CalSTRS reported a 1.4 percent investment return for the latest fiscal year Tuesday, far below its official target.
The results reported by the California teachers’ pension fund came one day after the state’s largest fund, CalPERS, reported similarly meager returns of just 0.61 percent.
Like CalPERS, the $188.7 billion teachers’ fund was weighed down by a difficult year in the stock market. CalSTRS’ public stock portfolio shrank by 2.3 percent. Those losses were offset by an 11.1 percent gain on its real estate portfolio and a 5.7 percent gain on bonds.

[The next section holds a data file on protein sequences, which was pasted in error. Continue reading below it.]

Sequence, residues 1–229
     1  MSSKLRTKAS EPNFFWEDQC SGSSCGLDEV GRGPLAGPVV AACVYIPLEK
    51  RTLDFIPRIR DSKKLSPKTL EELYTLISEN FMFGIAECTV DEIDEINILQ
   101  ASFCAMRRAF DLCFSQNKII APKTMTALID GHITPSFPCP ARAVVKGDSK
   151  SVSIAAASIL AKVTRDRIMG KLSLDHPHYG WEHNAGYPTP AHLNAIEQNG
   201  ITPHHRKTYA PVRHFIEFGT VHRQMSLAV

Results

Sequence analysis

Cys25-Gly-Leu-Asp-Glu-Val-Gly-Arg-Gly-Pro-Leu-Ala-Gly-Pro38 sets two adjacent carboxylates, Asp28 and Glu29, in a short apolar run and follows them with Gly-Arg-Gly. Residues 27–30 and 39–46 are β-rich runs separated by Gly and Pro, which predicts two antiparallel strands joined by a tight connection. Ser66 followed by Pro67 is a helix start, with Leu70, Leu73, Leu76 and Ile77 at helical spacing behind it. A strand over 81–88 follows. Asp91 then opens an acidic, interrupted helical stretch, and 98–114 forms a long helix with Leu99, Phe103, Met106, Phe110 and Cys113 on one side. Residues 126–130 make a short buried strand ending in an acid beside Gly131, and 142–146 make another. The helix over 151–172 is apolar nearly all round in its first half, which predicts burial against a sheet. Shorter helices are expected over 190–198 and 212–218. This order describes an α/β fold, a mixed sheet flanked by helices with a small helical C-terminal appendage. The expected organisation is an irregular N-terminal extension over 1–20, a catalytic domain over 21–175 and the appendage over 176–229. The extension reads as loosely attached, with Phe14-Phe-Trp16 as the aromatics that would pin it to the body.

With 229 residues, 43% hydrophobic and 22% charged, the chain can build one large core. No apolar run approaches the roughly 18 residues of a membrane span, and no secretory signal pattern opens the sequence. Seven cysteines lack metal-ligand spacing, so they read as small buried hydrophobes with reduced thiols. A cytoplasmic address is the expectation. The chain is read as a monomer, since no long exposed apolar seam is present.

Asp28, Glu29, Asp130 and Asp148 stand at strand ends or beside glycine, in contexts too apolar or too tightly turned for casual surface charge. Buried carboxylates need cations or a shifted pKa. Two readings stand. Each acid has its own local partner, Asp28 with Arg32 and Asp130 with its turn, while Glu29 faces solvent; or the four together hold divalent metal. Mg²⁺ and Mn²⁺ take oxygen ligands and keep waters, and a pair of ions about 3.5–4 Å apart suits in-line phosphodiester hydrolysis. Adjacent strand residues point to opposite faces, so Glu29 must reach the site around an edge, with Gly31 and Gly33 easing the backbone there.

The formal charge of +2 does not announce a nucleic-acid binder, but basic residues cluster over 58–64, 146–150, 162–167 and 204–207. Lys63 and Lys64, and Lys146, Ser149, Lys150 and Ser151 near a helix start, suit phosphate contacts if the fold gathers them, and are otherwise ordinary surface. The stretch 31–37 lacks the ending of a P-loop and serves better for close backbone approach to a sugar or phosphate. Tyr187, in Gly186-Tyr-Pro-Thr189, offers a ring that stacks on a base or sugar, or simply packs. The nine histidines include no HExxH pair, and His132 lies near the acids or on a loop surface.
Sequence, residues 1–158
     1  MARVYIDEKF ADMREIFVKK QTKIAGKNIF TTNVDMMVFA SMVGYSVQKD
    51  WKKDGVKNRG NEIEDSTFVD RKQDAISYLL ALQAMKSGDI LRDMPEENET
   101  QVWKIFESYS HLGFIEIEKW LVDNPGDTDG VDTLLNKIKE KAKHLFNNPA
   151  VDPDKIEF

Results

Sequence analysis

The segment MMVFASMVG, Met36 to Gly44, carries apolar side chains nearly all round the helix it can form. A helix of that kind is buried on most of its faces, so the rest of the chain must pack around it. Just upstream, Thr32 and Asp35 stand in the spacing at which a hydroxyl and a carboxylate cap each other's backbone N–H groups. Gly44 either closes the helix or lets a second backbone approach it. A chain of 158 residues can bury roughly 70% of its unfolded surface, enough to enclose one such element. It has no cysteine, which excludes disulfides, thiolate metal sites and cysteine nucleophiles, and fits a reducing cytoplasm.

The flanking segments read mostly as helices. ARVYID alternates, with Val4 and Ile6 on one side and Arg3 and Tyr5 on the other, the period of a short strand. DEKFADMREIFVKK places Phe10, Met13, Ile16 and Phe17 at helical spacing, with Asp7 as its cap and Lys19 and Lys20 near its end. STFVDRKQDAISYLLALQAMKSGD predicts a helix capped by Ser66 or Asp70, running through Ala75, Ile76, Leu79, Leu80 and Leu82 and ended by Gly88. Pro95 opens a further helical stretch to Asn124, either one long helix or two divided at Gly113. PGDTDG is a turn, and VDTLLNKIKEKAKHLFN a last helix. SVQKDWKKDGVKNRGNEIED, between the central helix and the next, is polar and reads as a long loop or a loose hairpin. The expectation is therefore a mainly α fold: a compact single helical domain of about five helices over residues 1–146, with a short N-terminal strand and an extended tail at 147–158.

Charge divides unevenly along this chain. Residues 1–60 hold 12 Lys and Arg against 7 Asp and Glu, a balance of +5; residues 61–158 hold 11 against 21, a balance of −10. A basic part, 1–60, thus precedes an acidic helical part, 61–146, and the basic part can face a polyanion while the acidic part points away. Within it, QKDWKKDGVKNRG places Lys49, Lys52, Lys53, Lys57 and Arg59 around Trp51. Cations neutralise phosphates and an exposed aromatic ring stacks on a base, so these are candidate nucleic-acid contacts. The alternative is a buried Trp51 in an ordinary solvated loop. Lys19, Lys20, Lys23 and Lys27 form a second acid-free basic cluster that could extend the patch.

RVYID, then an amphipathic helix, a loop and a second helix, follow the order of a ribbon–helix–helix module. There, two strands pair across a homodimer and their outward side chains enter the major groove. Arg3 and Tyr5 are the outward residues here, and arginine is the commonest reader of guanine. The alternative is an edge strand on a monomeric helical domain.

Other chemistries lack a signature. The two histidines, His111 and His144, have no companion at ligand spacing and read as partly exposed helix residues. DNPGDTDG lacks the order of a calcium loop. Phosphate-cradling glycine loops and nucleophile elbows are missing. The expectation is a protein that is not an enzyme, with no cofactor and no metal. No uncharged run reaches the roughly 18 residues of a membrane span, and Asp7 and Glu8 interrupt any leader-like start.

CalSTRS officials said they remain on track to restore the pension to fully funded status, thanks to higher contribution rates ordered by the Legislature two years ago. The pension system was just 69 percent funded as of last summer, the latest figures available, but expects to be fully funded in 32 years.
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“Single-year performance and short-term shocks, such as Brexit, may catch headlines, but the CalSTRS portfolio is designed for the long haul,” said Chief Investment Officer Christopher Ailman in a prepared statement.
While the latest results fell short of CalSTRS’ target of 7.5 percent, Ailman said the California State Teachers’ Retirement System has earned average returns of 7.7 percent the past five years. The 20-year average return, however, has fallen to 7 percent.